What I mean is that is it more dangerous than other contact sports that aren't martial arts? Such as Football, Soccer, Basketball, etc...
And if yes, why?
At a good gym, meaning experienced coaches and decent equipment, boxing/kick-boxing should not be that dangerous. First of all, you're probably not sparring right away, and once you are its in a controlled environment with mouthpieces, headgear, gloves, and shinpads(if kickboxing).
As pointed out in a previous answer, you are probably at an increased risk of facial bruises, bloody noses, etc, but not serious injury. However, if you are training for an MMA style of fighting which includes takedowns, your rate of injury is going to spike sharply.
Comparing it to other sports is tricky. Even at a high-school level we certainly had a higher level of general injuries in football, and typically more severe...broken bones not being uncommon. Basketball didn't have the same high incidence of really violent injuries, but a much higher incidence of high ankle sprains and the like. Soccer seemed relatively safe but I never played at a highly competitive level, and if you watch the Europeans play you'd think it was more dangerous than trying to snuff volcanoes with your bare hands with the frequency they go down screaming in pain.
In short, I think there are too many variables to objectively answer your question, but the above has been my (anecdotal) experience.
I'm not sure that your statement about the safety of boxing is generally accepted.
Boxing advocates point out that amateur boxing has fewer injuries than soccer, gymnastics, etc. However that source doesn't site how they measure "fewer injuries", and doesn't state whether they count long term damage to the brain. There is some evidence that even amateur boxing can cause brain damage.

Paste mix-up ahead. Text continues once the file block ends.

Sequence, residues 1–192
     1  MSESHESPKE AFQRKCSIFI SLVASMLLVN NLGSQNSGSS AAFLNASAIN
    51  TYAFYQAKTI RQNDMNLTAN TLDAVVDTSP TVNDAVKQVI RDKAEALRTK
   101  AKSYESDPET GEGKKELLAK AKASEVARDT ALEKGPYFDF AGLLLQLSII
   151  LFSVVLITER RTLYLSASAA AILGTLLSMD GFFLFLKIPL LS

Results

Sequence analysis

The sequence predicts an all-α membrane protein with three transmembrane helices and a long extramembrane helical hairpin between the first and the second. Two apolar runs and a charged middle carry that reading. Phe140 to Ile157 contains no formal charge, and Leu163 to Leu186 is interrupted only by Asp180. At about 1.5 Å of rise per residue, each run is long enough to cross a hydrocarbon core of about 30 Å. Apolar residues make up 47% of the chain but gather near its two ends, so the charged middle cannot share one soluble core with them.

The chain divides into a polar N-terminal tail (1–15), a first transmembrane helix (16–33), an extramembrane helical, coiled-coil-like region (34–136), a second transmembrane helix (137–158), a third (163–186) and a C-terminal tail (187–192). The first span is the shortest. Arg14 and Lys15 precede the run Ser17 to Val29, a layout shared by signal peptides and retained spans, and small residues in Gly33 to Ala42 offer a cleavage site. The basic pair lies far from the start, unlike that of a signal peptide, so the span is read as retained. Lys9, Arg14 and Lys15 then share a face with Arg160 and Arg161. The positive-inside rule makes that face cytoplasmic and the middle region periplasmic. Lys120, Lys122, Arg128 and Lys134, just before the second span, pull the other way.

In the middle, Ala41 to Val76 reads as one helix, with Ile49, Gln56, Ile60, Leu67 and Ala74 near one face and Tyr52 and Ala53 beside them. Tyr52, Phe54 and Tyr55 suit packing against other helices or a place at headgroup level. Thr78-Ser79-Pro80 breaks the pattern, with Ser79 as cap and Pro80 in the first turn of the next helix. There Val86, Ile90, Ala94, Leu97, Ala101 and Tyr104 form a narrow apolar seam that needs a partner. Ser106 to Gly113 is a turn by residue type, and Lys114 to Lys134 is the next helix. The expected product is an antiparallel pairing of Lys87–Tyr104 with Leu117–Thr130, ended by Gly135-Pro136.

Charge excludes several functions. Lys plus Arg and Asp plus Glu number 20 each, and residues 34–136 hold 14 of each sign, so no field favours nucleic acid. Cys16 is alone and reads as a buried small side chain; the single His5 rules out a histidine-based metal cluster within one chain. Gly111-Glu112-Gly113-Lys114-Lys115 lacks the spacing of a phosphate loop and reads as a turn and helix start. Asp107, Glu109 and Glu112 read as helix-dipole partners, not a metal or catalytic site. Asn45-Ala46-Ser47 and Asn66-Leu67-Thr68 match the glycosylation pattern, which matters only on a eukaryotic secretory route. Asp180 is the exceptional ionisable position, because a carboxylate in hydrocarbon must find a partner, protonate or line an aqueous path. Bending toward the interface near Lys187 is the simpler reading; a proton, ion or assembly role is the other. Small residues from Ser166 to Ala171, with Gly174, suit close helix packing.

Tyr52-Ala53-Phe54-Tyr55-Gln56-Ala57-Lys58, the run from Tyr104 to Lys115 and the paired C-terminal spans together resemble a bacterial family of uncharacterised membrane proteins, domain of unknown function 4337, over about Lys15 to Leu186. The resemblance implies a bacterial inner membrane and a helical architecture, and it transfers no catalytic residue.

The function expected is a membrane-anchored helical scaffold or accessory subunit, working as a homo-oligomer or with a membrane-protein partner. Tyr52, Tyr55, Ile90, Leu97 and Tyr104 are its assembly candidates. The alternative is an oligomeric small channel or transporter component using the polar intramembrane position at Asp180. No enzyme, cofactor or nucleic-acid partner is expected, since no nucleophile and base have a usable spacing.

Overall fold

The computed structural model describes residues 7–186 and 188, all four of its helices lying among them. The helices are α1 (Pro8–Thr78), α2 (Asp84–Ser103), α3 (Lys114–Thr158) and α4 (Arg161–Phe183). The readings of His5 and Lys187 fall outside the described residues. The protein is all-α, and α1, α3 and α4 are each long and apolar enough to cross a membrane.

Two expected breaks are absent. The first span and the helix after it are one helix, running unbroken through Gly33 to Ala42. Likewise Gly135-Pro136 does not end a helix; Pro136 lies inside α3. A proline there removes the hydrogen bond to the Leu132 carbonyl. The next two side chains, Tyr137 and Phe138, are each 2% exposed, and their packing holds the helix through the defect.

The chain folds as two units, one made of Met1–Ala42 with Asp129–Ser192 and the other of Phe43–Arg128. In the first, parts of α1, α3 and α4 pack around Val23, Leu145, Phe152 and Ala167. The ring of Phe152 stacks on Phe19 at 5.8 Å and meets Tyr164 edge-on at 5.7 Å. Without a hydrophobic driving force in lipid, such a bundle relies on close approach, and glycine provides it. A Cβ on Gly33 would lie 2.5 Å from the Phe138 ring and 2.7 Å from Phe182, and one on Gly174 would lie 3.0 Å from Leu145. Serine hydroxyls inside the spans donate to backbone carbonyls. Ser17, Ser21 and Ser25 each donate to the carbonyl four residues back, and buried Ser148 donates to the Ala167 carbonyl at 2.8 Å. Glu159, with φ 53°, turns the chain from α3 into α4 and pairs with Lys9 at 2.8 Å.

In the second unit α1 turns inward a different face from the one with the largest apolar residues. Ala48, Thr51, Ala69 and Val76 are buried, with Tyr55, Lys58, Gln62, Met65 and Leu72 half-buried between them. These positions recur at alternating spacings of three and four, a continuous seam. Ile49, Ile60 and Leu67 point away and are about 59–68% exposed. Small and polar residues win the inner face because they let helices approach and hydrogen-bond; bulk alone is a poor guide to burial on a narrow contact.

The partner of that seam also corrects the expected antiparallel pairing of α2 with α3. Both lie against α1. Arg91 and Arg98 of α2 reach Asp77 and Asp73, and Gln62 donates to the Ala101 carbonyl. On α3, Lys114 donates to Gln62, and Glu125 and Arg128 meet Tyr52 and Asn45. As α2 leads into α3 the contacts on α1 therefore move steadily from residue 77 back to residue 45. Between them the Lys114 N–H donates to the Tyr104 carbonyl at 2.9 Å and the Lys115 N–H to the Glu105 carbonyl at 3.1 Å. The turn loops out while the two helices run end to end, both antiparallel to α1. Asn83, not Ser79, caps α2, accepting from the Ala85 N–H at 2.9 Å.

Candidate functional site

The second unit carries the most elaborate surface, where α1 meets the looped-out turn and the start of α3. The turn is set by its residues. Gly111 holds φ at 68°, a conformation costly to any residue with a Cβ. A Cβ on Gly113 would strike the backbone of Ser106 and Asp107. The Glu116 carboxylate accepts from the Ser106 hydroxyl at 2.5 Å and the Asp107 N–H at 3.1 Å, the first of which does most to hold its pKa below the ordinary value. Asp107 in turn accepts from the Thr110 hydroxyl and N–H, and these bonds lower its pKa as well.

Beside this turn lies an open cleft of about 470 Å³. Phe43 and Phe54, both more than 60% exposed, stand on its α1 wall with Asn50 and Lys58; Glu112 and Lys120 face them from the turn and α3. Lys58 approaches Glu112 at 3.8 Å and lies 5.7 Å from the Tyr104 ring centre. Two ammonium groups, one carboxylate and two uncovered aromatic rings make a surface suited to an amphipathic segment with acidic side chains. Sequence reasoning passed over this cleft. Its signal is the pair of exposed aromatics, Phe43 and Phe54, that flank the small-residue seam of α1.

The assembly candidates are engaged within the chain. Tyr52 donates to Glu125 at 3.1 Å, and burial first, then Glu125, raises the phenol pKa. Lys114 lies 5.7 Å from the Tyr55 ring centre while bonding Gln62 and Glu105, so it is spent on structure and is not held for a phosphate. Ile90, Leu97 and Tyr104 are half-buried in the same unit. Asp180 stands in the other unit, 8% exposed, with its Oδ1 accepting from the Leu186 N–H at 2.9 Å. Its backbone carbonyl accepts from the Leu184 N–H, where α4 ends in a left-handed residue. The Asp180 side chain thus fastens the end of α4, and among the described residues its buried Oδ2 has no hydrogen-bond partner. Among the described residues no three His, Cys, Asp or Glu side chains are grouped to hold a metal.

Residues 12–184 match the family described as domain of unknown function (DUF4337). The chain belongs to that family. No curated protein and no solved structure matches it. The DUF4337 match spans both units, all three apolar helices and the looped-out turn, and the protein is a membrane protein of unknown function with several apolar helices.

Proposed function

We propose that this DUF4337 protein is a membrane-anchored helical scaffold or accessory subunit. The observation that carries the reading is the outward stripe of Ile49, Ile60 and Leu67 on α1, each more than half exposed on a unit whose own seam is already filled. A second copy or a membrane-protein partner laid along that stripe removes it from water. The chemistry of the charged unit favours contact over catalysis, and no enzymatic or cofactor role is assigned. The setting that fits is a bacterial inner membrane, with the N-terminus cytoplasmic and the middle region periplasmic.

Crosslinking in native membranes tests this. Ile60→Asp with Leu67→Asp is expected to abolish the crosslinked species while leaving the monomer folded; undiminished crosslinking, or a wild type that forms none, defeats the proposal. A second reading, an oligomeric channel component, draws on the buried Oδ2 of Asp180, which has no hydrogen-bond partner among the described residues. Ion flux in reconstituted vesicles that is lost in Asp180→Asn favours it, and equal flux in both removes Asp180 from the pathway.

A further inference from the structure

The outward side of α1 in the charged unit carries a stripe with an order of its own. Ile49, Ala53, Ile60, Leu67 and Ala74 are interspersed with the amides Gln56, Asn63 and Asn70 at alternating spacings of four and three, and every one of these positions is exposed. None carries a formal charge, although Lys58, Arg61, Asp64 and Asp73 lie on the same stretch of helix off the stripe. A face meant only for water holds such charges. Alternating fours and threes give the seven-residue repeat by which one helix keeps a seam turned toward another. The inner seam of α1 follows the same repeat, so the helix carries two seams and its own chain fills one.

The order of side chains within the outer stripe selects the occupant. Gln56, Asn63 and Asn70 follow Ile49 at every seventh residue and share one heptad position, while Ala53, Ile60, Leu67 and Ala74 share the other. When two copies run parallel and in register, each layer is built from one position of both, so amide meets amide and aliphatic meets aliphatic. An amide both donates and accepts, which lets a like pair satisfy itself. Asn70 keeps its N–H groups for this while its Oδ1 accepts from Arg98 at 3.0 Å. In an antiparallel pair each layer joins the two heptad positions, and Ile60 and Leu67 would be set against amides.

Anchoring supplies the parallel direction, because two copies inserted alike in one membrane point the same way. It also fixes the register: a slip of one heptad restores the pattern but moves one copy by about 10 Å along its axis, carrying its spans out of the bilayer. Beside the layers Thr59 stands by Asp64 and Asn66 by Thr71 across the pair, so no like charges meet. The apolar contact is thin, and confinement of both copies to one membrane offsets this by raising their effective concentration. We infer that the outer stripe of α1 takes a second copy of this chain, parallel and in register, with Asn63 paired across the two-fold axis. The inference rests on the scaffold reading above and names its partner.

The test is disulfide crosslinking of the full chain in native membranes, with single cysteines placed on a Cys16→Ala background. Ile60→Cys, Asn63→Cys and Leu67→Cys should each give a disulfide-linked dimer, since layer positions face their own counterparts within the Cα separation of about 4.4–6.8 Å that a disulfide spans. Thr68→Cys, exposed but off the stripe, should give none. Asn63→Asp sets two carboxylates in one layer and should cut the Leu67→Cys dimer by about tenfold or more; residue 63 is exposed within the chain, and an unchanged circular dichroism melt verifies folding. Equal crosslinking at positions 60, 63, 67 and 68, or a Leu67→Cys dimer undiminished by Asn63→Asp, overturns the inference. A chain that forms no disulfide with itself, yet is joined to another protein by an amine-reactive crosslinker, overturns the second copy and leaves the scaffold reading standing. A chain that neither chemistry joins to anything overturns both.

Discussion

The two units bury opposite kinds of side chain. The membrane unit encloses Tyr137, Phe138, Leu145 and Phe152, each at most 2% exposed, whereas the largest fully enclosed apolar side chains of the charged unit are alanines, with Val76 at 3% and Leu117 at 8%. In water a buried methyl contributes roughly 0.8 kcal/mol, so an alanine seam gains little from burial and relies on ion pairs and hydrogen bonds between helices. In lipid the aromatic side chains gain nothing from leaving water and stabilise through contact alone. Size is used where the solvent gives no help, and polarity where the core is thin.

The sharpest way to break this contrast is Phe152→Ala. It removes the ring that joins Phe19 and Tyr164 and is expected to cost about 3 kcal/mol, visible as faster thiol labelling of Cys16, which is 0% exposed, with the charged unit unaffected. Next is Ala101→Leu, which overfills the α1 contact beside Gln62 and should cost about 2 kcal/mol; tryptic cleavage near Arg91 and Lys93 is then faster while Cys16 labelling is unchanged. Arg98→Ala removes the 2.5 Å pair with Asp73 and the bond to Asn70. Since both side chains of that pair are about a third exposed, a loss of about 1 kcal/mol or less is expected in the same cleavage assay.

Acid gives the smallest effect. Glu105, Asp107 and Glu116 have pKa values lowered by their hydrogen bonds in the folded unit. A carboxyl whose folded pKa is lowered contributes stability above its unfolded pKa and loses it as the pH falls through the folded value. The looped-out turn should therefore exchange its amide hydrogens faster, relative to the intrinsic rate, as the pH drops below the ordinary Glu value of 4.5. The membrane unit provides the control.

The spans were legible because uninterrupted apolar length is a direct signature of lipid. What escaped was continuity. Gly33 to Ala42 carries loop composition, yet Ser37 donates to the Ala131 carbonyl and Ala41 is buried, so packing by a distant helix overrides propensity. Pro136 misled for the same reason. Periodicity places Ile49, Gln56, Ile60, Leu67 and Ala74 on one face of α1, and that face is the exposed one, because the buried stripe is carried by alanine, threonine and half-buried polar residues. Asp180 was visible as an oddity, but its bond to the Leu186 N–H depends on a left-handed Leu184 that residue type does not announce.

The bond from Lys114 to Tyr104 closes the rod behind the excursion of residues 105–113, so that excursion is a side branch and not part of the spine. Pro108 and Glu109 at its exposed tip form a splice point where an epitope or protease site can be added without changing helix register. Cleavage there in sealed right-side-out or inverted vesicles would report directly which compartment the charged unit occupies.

Ultimately, you may want to look at a source which compares injury rates. A quick google search suggests that football and soccer have the highest injury rate/hour practiced. But that doesn't address the severity or long term consequences of those injuries.
While black eyes and minor bruises or the occasional broke nose are quite common in boxing, i think the devastating injuries like cruciate-ruptures are rare.
From my non-representative experience i'd say that runners, soccer-players and the like usually spend more time with doctors because of knee-injuries or broken ankles than (thai) boxers.
Boxing happens in a very controlled environment, there is only one opponent to pay attention to and the attacks and defenses are well-established. While there is a big strategic component, there is not much creativity going into making up moves on the fly.
Soccer for example seems much less predictable to me. While running at full speed an focusing on the ball one may have to deal with being tackled at any moment.